General election 2019: why school buildings need to be used as polling stations

The last time the UK held an election in December was 1923. As preparations are made for a snap election, and despite the logistical problems this might cause, Toby James explains why schools should, as usual, be used at election time, as a government minister and electoral officials clash.

Polling station in local school. Picture: Alice Park

Christmas arguments may sometimes include debates about whether to watch the Queen’s Speech or not, or whether stockings belong on the fireplace or the end of the bed, but they now include another one: whether to relinquish school buildings to serve as polling stations.

Education Minister Gavin Williamson started a Christmas-spat with a letter to all local authority chief executives asking them not to cause the cancellation of nativity plays or carol concerts. It brought a forceful response from the returning officers. The Association of Electoral Administrators wrote that the minister’s comments were ‘unhelpful’. The letter came, they argued, after many polling stations had been booked and ‘members have been working tirelessly to negotiate access to all venues designated as polling places, which is both time consuming and difficult.’

As someone who has children at school, I can appreciate the challenge for parents and for teachers. When the date is in the diary for a nativity play, childcare arrangements are made around it and teaching plans are fixed. But this is an election that will affect the futures of the children in these schools much more than anyone else. What’s decided on Brexit, the NHS and the environment will shape their future. It is therefore vitally important that the election is well delivered. Citizens need to have confidence in the result and no one should be unfairly disadvantaged in their attempts to cast their ballot.

For these reasons, polling stations are carefully selected following consultation. There is a formal process called a Polling Station Review in which all possible locations are identified and assessed. There is a consultation and an opportunity for citizens and parties to respond and even appeal the chosen sites.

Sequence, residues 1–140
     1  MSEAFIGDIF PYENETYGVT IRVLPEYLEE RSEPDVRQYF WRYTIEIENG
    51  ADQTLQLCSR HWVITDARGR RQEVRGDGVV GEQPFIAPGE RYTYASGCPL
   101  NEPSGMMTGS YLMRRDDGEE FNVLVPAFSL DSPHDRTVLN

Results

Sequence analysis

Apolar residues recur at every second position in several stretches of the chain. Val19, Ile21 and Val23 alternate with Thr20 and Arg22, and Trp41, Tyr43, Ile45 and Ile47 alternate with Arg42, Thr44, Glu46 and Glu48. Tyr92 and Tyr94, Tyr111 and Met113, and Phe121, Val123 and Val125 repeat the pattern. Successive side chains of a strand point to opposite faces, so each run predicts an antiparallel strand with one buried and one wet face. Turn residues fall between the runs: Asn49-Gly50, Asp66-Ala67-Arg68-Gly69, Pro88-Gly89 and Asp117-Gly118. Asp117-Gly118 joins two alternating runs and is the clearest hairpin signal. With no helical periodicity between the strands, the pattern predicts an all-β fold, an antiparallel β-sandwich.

This is an important process because the location of a polling station can have a major effect on an election and levels of participation. If voters are asked to travel long distances, then they might be less likely to vote. If polling stations do not meet accessibility requirements then the system will be failing many citizens. School buildings tend to be very well equipped for both of these criteria. Forthcoming research (with Alistair Clark) shows that returning officers are already struggling to find suitable places even before considering the extra challenge of securing locations at Christmas. 

Such is the importance of polling station location, the history of electoral administration tells us that a classic trick of many politicians has been to deliberately make late changes to where voters need to cast their ballots. This can create a sense of chaos leaving voters unaware of where to vote. Even better, why not reduce the number of polling stations in areas where your opposition has higher levels of support? These were both common strategies for Republican and Democrat politicians trying to suppress black votes in pre-1965 US. Sadly, these strategies are often used around the world today.

The UK has not seen these types of problems because due process has slowed down the selection of polling station locations. The government wanted to have a December election, so it has to accept that disruption will occur. And this might include school plays. Now that an election has been called, schools may therefore need to give way. And in the spirit of Christmas, the education secretary should support highly pressured electoral officials in delivering the election.

This article gives the views of the author, not the position of Democratic Audit. 

About the author

toby s james

Toby James is Professor of Politics at the University of East Anglia, UK. He is author of Elite Statecraft and Election Administration (Palgrave) and Comparative Electoral Management (Routledge). He is co-convenor of the Electoral Management Research Network. He is also the author of the chapter on electoral integrity in The UK’s Changing Democratic Democracy: the 2018 Democratic Audit, which you can download here.

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